Make it five in a row.
Taking the court for the first time in 10 days, the University of New Mexico men’s basketball team was dropped 79-70 by Nevada in the coronavirus-delayed Mountain West Conference opener for both teams on Saturday night in Reno, Nev.
It was UNM’s fifth straight loss to former Lobos coaches Steve Alford and Craig Neal. In his third season as Nevada’s head coach, Alford has won four of those games by at least 10 points.
He got No. 5 by having his Wolf Pack (7-5, 1-0) force turnovers and generate offense in the transition. The Lobos (7-7, 0-1) committed 17 miscues, their second-highest single game total all season. Of those, 10 turnovers came in the second half when Nevada turned a close game at halftime into a 19-point cushion.
“Live ball turnovers,” said UNM coach Richard Pitino. “When we were set in the half court, we were fine defensively, but those live-ball turnovers killed us and they’re really good on the break.”
The Lobos got an early spark from senior Saquan Singleton. The guard got his first start of the season in place of Taryn Todd, and he came through, finishing with 14 points on 6-for-7 shooting with three assists and four rebounds.
He did battle foul trouble, sitting for long stretches of the second half when Nevada began pulling away. The Wolf Pack trailed 36-35 at the break but finished with four players in double figures, led by Desmond Cambridge’s 18 points.
Preseason all-MWC player Grant Sherfield was held to 10 points, going the entire first half without a made basket. He did manage 10 assists and got half of his points from the free throw line as Nevada turned to its other key players to get the game under control.
The killer, Pitino said, was the second half, when turnovers became the direct result of his offense getting disrupted by the Wolf Pack’s more assertive play. He called it a “breakdown in trust” in the second half.
“Just an unwillingness to pass the ball,” he said. “We’ve got to get these guys more answers from an offensive flow standpoint. We run a set and it just stops. It’s not going to work, and when you don’t really have a true post presence you can’t really throw it in there. You gotta have great ball movement, which we do not have right now.”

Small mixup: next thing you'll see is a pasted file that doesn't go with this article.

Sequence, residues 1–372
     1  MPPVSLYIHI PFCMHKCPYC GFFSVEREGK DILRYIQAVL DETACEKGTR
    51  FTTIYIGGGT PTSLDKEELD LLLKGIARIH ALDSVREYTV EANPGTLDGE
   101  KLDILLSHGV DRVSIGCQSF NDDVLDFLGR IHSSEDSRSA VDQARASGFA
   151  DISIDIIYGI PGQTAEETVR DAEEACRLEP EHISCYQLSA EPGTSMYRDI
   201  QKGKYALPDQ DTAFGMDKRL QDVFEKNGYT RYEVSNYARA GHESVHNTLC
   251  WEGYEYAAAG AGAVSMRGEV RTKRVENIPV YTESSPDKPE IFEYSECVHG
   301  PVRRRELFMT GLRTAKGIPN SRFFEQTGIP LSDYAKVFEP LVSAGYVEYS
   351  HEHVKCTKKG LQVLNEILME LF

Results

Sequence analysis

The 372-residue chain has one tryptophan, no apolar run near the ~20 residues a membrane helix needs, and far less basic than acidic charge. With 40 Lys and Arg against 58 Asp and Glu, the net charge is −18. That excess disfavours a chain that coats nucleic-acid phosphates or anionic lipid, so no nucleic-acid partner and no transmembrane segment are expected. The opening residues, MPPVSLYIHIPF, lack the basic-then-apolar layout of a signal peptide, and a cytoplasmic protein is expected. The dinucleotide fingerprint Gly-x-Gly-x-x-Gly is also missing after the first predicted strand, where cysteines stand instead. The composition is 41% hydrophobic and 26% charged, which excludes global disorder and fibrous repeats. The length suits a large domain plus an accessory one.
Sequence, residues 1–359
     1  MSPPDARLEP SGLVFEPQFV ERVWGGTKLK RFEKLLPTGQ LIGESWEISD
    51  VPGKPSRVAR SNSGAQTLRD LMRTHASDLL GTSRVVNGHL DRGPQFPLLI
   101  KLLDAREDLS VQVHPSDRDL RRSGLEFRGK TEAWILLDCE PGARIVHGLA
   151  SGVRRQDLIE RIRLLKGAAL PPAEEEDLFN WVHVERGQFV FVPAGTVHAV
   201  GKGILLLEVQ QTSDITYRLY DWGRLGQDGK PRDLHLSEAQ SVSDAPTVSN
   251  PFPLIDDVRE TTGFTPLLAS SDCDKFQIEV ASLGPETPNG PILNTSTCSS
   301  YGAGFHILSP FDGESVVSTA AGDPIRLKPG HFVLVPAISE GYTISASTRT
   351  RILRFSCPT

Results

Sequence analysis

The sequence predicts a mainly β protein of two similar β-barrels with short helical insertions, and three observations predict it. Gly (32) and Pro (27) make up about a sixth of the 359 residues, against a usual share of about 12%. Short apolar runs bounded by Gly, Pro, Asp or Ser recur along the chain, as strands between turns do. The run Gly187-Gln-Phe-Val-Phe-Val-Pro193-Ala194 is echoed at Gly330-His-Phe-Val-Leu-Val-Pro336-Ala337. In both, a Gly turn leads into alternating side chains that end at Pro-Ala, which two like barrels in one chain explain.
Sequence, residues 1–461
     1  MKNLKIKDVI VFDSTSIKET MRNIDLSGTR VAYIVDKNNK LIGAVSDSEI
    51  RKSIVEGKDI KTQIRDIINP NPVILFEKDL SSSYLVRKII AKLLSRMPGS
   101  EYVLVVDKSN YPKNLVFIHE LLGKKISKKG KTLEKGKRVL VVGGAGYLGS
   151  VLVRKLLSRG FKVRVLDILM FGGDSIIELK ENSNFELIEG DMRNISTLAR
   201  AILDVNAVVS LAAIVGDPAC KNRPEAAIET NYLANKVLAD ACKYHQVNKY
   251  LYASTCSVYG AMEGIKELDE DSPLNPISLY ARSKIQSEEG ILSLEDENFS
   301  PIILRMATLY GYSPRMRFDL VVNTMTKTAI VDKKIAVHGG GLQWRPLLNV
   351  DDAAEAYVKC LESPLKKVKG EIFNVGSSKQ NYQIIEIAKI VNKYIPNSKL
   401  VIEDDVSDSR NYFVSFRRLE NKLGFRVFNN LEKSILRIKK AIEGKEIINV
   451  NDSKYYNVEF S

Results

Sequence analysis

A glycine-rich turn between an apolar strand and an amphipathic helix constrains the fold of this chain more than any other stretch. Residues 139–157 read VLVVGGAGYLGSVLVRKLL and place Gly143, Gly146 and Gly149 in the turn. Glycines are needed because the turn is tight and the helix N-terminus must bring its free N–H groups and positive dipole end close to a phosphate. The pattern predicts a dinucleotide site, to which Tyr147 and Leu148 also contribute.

Ten Lobos got playing time in Saturday’s game. Each of them had at least one turnover.
Nevada opened a 69-50 lead in the final five minutes, but New Mexico used an extended run that got them as close as five in the waning moments. Nevada iced it at the free throw line.
It was also a tough shooting night for UNM guards Jamal Mashburn Jr. and Jaelen House. The pair combined to miss 23 shots, nine of them from 3-point range.
“If House and Mash are 10-for-33, we’re not going to win a lot of games because they’re a bulk of what we do offensively,” Pitino said. “That would be like Klay Thompson and Steph Curry being off. I mean, right now with our roster we just don’t have a true low post presence. Those two have got to work with each other a little bit better to get each other better shots.”
Saturday’s game was UNM’s first since a Dec. 21 home win over Norfolk State. The Tuesday conference opener against nationally ranked Colorado State was postponed due to COVID-19 issues within the CSU program.
The Lobos will have another week off before taking the floor again Saturday against Utah State in The Pit.
The rust for both teams — Nevada had played just three games in December — was readily apparent early on, as both teams struggled to find consistent offense. Mashburn finished with a team-high 18 points and House had 17, but aside from Singleton no other Lobo had more than five points.
That included just one made free throw and three rebounds in 16 minutes from 7-foot freshman Sebastian Forsling. Forsling’s assignment was to try to establish an inside threat at both ends of the floor against Nevada’s equally big but more experienced low-post players.
Emmanuel Kuac grabbed a team-high nine rebounds for the Lobos despite giving up several inches in the post. He finished with three points, banking in a 3-pointer from the top of the key in the second half.
Pitino’s ire had less to do with the personnel on the floor and the general play of his entire roster after a competitive first half saw the teams go back in forth in what was a solid effort from both teams.
“I kept telling them in the second half, like, ‘You guys know, and I know, we can’t play this way. This is impossible,’ ” Pitino said. “The huddles, we’re not playing together. So I just think it was a lack of belief, and it just spiraled over and over again.”